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SUMMERS FAMILY CEMETERY
(Fairfax County)
6250 Lincolnia Road (Route 613)
Lincolnia, Virginia USA
Original Information from Volume 5 of the Gravestone Books
 
The Summers Family Cemetery stands at 6250 Lincolnia Road (Route 613) between Deming Avenue and Barnum Lane, not far from the intersection of Lincolnia with Beauregard Street and near the busy Landmark Plaza shopping area. According to research about the Summers family on file in the Virginia Room in the Fairfax City Regional Library, this cemetery is associated with “Cottage Farm” and “Summer Grove,” homes of the Summers family.  The community adjacent to the cemetery is still called “Cottage Farms.”
 
One of the oldest gravestones in the county stands in this cemetery, that of John Summers who died on 4 December 1790, aged 102 years.  His obituary in the 9 December 1790 issue of the Alexandria Gazette reads:
 
Died--Mr. John Summers, in the 103d year of his age.  He was born within thirty miles of this place, in the State of Maryland, and settled in the year 1715 in this County, where he resided ever since.  He has left children, grand-children, great grand-children, and great-great-grand-children to the number of near four hundred.
 
A detailed sketch of John Summers’ remarkable life and information about his family appeared in the 8 November and 15 November 1907 issues of the Fairfax Herald.  Beth Mitchell mentions John Summers in Beginning at a White Oak..., her book about patents and Northern Neck grants of Fairfax County.  She notes that there are many depositions in the county records made by John Summers (Sommers, Symmers) regarding disputes about land which were decided by the courts.  Summers testified that he had worked with surveyors in early days and “attended many surveys in the neighborhood of Hunting Creek.”  Mitchell states that he was still giving depositions at the age of 98.  At the age of 92, he stated that in 1715, he moved from Dogue Neck to the area near Christ Church, and then in 1723, he moved to the “forest” near what is today Bailey’s Crossroads.  In 1773, Summers moved “further into the ‘forest’ to his son’s house,” perhaps the house at Summer Grove.
 
Perhaps because of its historic gravestone and the renown of John Summers, the Summers Family Cemetery has been the subject of much scrutiny over the years.  When the homes to the northeast of the cemetery were being constructed in 1979, a researcher visited the site, found the cemetery entangled in vines and recorded the names and dates on the stones.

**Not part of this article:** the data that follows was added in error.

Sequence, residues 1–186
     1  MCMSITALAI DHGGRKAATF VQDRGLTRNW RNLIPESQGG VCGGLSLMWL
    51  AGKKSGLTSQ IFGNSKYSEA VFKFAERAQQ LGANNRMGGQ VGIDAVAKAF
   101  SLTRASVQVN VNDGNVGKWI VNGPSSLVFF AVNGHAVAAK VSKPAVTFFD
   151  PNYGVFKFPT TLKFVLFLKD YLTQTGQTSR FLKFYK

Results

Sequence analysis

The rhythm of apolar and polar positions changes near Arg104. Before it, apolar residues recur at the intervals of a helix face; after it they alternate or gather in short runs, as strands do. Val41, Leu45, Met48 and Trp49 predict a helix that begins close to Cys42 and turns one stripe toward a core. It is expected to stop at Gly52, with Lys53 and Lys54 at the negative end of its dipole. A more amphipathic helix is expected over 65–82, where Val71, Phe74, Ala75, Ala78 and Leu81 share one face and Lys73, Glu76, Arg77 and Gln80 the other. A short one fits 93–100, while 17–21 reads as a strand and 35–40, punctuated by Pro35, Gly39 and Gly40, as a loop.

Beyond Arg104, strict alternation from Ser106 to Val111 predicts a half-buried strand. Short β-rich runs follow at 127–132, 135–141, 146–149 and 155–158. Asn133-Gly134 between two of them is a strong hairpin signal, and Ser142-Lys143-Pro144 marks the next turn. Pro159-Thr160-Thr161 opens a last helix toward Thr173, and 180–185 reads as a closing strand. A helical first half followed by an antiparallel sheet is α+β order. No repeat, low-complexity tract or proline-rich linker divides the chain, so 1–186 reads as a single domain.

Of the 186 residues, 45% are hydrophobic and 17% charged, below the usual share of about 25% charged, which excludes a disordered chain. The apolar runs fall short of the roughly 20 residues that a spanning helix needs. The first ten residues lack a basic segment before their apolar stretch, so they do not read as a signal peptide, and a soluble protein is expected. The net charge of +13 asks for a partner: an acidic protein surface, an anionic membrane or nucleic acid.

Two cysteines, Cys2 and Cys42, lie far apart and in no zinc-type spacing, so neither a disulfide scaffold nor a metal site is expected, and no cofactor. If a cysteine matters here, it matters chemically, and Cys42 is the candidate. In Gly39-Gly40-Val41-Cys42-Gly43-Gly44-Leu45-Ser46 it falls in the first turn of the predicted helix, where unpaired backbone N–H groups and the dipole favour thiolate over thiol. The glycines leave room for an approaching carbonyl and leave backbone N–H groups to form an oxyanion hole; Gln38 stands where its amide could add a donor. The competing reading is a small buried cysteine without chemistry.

The Thomas Lee Chapter of the Daughters of the American Revolution became interested in the cemetery when one of their members discovered the gravesites hidden away in the woods, “entirely grown up with trees, bushes and weeds.”  In 1980, the chapter voted to place a DAR plaque on the grave of Francis Summers, son of John Summers, who served in the Revolutionary War, according to a DAR report on file in the Virginia Room.  A ceremony on 7 June 1980, honoring Francis Summers and dedicating the plaque, was attended by several people, including Summers family descendants.
 
But the cemetery became overgrown once again. In 1984, Boy Scout John Zierdt organized other Scouts to clean up the neglected site.  The boys cut back vines, poison ivy and brambles, and carried away several old tires and 60 large trash bags filled with litter and garbage.
 
In 1989, the County took on the responsibility for the maintenance of the cemetery.  The site was cleaned once again, a fence was built around the graves, and a paved path was laid through the area from Lincolnia Road to the cemetery and on to Barnum Lane.  A county sign posted along Lincolnia Road reads “Summers Cemetery, Fairfax County Park Authority.”
 
Today the cemetery is well maintained by the county.  A black, hollow metal fence with broken gate surrounds the graves.  A few of the footstones have been toppled, but otherwise the cemetery appears to be in good repair, free of trash, with little evidence of vandalism.  Surveys from 1979, 1980, 1987, 1989, 1991, 1992, and 1997 have been compared against each other and the information rechecked in 1998, due to the many discrepancies.  The survey begins in the southwest corner of the cemetery.
 
No Updates from Volume 6 of the Gravestone Books